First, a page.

President Barack Obama entered the Oval Office under dire conditions - a hemorrhaging economy and a dispirited GOP intent on limiting him to one term, at any cost.
Despite those odds, he has kept his cool and his head.
His policies helped the middle class and kept a deep recession from becoming worse. He repaired America's reputation in the world. And he got important legislation passed.
For that, the nation is better - not fully healed, but pushing forward. He has earned another four years.
Among his top accomplishments, Obama:
-Ended the war in Iraq.
-Is on track to responsibly bring troops home from the war in Afghanistan, following the killing of America's top enemy, Osama bin Laden.
-Pushed through tax cuts for the middle class.
-Signed the Lilly Ledbetter Fair Pay Act to better protect women from discrimination.
-Ended "don't ask, don't tell," allowing gays and lesbians to serve without prejudice in the military.
-Created the Consumer Financial Protection bureau, which has successfully led to new safeguards.
-Sparked efforts to improve education and expand and lighten the cost of student college loans.
-Boosted the fuel economy standards for cars.
-Signed the Affordable Care Act, his signature achievement so far that will give Americans access to insurance, regardless of pre-existing conditions and without limits.
No question, Obama has underperformed in some ways, too.
He needs to pick up the pace of wooing more lawmakers personally to build consensus and get more legislation passed. His good ideas to put Americans to work on improving infrastructure, education and alternative energy need more votes. He'll need to shift his campaign crowd skills to one-on-one arm twisting with the next Congress.
So why not recommend Republican candidate Mitt Romney?
We have no clue which Romney he would become as a president.
Would the nation get the Massachusetts, pro-health-care-for-all, rather moderate model?
Or the hard-right, tea party panderer of the primaries, who sought dubious immigration policy advice from Kansas' Kris Kobach, an alienator of national proportions?
Or the new, improved, peace-loving final debate version?
A strong executive who can buy and sell companies and is used to getting his way is not the same as a visionary leader who can pull people together.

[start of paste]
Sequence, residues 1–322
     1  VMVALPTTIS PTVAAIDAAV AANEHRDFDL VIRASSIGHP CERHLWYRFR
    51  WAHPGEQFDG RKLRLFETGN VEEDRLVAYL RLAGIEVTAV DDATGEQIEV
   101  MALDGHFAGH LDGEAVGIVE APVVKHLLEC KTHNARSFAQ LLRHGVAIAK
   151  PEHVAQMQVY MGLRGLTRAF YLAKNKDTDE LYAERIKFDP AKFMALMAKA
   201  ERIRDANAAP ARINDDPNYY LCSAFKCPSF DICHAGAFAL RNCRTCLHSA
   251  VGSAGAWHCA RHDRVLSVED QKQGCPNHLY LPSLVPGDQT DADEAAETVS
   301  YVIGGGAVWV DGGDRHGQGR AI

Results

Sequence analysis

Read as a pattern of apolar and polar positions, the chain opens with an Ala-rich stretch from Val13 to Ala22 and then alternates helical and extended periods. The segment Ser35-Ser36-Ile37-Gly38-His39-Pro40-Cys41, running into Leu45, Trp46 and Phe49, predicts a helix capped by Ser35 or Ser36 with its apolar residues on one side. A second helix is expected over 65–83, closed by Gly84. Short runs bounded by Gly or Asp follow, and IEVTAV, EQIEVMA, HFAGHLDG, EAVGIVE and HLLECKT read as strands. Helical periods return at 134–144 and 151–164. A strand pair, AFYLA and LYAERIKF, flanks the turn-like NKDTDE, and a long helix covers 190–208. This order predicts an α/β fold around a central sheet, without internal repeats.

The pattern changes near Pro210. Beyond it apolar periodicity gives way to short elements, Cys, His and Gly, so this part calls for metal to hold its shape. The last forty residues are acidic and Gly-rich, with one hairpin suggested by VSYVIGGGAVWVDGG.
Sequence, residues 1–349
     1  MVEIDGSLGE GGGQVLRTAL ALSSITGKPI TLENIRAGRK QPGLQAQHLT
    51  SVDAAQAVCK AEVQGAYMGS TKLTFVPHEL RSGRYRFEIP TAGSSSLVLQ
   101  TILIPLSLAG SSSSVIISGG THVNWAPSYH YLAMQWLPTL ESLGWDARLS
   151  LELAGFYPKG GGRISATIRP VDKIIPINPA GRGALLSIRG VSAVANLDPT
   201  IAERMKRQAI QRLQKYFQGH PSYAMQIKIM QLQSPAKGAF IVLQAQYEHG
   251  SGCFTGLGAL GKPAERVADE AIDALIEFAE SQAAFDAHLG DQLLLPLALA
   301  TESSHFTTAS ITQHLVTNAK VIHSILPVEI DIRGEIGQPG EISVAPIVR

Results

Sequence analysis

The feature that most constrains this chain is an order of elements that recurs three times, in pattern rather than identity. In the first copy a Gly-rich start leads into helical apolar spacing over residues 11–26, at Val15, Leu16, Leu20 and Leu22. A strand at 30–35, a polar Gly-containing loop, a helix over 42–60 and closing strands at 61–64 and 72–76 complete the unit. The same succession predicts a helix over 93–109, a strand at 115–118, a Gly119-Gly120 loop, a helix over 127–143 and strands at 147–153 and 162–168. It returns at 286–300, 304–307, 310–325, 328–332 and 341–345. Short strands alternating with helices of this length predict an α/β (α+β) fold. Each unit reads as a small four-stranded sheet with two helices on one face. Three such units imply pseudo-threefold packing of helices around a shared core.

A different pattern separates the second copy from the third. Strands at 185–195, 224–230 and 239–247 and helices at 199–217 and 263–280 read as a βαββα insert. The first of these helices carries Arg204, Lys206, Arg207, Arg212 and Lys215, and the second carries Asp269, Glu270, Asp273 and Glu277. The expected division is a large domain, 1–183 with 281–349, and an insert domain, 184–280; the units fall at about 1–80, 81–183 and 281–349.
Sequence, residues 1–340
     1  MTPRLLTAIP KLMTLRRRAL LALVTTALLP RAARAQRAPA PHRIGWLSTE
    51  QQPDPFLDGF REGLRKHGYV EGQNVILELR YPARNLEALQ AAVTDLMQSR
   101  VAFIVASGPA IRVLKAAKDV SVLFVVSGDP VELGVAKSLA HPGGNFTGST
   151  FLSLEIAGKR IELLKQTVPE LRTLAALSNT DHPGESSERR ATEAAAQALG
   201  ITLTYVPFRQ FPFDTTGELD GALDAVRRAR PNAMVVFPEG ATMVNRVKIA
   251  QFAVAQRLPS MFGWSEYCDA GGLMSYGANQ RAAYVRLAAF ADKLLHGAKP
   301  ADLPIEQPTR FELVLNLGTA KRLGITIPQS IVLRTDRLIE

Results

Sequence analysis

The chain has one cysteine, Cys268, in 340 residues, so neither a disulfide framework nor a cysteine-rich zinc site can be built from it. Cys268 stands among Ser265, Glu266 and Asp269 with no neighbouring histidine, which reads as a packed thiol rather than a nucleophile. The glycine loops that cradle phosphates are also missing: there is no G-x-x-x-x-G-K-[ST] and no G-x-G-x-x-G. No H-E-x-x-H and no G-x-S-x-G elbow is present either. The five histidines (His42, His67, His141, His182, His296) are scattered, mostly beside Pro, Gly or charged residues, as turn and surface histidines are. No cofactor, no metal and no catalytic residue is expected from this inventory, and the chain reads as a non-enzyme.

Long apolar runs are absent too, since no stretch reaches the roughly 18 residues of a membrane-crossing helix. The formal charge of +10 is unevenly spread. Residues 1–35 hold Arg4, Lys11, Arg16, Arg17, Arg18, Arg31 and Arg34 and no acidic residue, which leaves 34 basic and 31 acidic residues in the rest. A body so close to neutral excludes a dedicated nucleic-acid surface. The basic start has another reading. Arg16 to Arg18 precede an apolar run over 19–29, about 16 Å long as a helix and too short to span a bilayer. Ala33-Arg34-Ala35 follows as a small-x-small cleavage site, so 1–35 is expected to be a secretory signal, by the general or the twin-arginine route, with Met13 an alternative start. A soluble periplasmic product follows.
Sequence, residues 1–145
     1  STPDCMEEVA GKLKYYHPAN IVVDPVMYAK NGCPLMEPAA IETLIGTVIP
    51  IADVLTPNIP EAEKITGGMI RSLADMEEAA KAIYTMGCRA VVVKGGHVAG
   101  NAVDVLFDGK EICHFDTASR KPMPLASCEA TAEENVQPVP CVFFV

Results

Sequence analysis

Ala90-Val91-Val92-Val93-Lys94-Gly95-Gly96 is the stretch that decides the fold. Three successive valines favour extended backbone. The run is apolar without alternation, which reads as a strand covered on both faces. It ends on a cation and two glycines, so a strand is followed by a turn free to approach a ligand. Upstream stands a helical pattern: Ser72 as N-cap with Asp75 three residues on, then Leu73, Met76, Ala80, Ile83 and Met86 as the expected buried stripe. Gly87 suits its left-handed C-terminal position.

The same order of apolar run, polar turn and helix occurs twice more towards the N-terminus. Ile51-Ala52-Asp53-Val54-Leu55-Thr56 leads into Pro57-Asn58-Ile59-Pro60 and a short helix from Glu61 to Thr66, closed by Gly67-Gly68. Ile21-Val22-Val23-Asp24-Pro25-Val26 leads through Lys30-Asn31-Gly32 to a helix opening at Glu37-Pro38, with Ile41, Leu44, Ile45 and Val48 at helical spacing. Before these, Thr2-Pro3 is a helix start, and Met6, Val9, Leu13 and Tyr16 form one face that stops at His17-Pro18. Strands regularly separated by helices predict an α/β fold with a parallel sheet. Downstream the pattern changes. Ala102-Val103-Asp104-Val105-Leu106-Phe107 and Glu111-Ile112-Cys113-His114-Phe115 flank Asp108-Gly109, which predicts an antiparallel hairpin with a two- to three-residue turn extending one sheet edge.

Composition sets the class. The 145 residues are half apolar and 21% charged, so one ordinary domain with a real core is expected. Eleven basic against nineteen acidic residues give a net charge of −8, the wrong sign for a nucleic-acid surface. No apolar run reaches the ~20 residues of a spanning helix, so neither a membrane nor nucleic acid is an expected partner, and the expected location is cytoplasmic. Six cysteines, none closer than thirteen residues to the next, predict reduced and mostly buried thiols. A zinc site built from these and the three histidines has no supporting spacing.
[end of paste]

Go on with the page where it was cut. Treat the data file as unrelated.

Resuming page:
Romney's comment in a private donor setting - belittling the 47 percent who don't pay income taxes as freeloaders - is damning and hard-to-shake evidence that he may not really care so much about many Americans of lesser portfolios.
And it's immensely troubling that Romney's tax plans don't add up. His wish to lower all tax rates, without specifying how he'd counter the revenue loss with elimination of deductions and loopholes, is not acceptable. Will home mortgage and charitable deductions get the boot? Or will he eventually try to sell his fluctuating "cap" on the total dollar amount of deductions, which in some iterations wouldn't make a dent in the debt?
As a successful businessman, it's hard to imagine Romney accepting his own nebulous presentations if someone else were pitching them to him as a financier. So why should Americans buy vague promises?
Romney's abortion ideas and general views on women (no comment on pay equity) are troubling. There is a real risk his Supreme Court appointments would be anti-abortion, and women's private health decisions could be dangerously restricted.
His one major foreign policy trip this year included an insult to the Brits over their handling of the Olympics and then cozying up with a major donor in Israel, skipping the Palestinian-Israeli border dispute areas.
In too many ways, Romney resembles a slick salesman, willing to fudge and say anything to close the deal.
It's no deal for us.
We look ahead to four more years of Obama's reasoned, compassionate and forward-looking ideas on good jobs, fair taxes and better education to meet the global competition.